Vice President Yemi Osinbajo has harped on Federal Government’s drive for ease of doing business and asked Nigerians in the diaspora and other investors to make Nigeria their destination for investment.
He made the call while speaking at a business dinner he hosted in Davos, Switzerland, for some participants at the just concluded World Economic Forum(WEF).
Said he: “There is no question at all as to why our country is a good destination.
“”We know that the critical issue is to ensure that the environment is friendly enough and that we offer the necessary incentives where such incentives are crucial.
“”We are ready to do that and we are ready to work with you to ensure that business is comfortable for you and that you can make profit and create the jobs and opportunities that we are also looking at.”
The Vice President informed the guests that the administration had taken steps to address some specific issues in the business environment in partnership with the private sector.
He said it was the reason the administration created the industrial council.
“”We also have the business forum and would ensure that we are opened at all times.
“”It is important that we emphasise and keep emphasising that the partnership that we are trying to build is a genuine partnership.
““We understand that in a big country, especially a federation, many times we have issues, even with the state governments, and we have to be able to resolve them.
““Some of them are easy to resolve through a phone call, but we insist that those we do business with in Nigeria must find it easy to do business and that really has been the way that we have tried to function, especially in the last two and half years.
“”We intend to maintain that approach and we really would like you to join us in proving that this will work,’’ he said.
Osinbajo acknowledged that security was an on-going issue in the country adding that a lot was done to curtail it including insurgency in North East and militancy in the Niger Delta.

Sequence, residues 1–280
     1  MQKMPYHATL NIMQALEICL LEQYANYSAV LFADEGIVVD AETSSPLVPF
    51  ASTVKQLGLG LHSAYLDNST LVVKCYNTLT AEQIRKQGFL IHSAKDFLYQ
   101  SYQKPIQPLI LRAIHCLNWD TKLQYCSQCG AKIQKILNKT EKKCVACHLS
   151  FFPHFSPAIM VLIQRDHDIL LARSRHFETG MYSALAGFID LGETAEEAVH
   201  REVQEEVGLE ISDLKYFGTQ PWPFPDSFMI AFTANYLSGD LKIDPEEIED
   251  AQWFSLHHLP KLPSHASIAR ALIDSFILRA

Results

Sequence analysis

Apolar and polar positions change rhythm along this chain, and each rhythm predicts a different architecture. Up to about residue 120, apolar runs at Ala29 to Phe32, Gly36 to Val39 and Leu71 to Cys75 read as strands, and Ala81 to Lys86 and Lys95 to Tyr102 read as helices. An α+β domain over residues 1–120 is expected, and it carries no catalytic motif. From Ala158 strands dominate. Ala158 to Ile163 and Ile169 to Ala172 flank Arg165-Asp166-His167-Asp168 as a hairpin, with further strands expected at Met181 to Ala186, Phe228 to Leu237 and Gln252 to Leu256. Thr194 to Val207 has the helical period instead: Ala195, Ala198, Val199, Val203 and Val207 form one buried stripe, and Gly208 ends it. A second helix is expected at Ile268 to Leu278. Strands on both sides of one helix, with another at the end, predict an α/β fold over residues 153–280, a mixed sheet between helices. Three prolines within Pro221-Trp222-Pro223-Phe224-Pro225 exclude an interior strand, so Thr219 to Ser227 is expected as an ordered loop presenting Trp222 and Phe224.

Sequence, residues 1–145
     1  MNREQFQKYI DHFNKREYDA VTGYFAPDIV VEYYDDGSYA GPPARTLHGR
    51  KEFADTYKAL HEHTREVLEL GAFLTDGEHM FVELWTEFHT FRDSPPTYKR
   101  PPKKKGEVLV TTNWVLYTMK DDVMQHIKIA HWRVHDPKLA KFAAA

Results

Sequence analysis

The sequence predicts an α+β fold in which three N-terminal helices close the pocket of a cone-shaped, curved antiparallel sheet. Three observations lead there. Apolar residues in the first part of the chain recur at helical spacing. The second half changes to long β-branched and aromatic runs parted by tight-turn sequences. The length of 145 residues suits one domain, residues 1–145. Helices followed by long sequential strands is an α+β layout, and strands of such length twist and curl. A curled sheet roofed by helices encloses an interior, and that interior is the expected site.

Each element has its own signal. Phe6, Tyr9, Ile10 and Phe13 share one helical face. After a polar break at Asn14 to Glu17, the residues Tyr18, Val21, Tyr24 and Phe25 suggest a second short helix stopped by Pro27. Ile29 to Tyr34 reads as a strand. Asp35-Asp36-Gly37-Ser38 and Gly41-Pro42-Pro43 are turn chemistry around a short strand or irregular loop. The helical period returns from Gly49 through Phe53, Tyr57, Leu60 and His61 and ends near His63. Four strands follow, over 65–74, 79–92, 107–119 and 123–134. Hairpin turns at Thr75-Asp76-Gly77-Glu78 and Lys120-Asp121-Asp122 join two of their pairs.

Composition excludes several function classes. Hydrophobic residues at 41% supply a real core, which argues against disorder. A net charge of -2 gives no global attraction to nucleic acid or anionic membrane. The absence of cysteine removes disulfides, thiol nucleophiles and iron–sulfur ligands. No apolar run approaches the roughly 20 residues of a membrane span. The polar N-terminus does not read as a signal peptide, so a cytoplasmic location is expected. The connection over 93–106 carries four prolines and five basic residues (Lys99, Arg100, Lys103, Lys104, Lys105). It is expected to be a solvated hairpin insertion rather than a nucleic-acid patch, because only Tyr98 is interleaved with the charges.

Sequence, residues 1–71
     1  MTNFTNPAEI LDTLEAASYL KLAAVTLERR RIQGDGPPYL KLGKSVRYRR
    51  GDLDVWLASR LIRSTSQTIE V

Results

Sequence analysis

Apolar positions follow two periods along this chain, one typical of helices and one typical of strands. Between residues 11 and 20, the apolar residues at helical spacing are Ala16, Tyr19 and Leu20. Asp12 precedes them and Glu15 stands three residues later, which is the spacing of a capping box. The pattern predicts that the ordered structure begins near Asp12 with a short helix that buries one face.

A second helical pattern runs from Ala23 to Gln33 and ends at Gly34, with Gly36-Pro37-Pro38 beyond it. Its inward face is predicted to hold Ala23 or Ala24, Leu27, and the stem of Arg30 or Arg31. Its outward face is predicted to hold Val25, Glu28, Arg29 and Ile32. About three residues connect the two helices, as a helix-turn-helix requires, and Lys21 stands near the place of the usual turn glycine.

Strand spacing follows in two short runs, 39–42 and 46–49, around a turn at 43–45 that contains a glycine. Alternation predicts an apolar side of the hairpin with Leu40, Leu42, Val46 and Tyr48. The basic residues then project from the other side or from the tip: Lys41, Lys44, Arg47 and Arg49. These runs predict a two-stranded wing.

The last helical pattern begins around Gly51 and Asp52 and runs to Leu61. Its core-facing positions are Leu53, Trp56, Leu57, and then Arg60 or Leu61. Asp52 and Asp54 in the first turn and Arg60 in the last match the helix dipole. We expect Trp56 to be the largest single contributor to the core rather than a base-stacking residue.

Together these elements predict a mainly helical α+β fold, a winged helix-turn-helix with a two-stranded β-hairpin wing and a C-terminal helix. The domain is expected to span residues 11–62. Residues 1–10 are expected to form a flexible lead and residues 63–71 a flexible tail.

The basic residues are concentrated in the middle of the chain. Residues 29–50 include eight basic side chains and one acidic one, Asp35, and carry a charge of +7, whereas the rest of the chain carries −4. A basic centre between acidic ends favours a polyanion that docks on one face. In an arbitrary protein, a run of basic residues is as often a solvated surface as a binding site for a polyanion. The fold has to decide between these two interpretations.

“”In the country, people are doing business and are doing fine, but that’s not to say there are no herdsmen and farmer clashes and all that or to say that all is settled down in the North East.
“But by and large, we should raise (the issue of) adequate security. l think a lot of people are reasonably satisfied with the security, but we are doing all we can to improve on security.”
He said government was creating joint task forces, sometimes involving the military, where it felt there might be trouble.
“It’s possibly more important for us as sole business of government to ensure that people can walk around free and can do their business without looking over their shoulders.
“Because of our commitment to that, we are reasonably certain that we will achieve maximum security,” Osinbajo assured.
He told the gathering that a lot had also happened in respect of power supply, including reforms in the sector.
“We are creating an enabling a situation where industry or private sector and businesses can actually access power on their own without necessarily going through the DISCOs.
“We have a willing-buyer-willing-seller arrangement. Recently NERC issued a declaration to that effect.
“So we are concentrating also on powering industrial areas, a lot of that is going on and is private sector-driven.”
Osinbajo recalled that a lot of states are now involved in power generation and expressed optimism that the situation would be much better.
“A lot of the state governments are now investing in power plants. Off-grid power is one of the very critical solutions for us.
“So we think that, in the next couple of years, we will have a power situation that will certainly be a lot better than what we are experiencing today,” he declared.
He also said the administration was committed to improving the transmission and distribution of power.
He thanked those who had already embraced the country’s business environment for their support over the years and urged them to maintain it.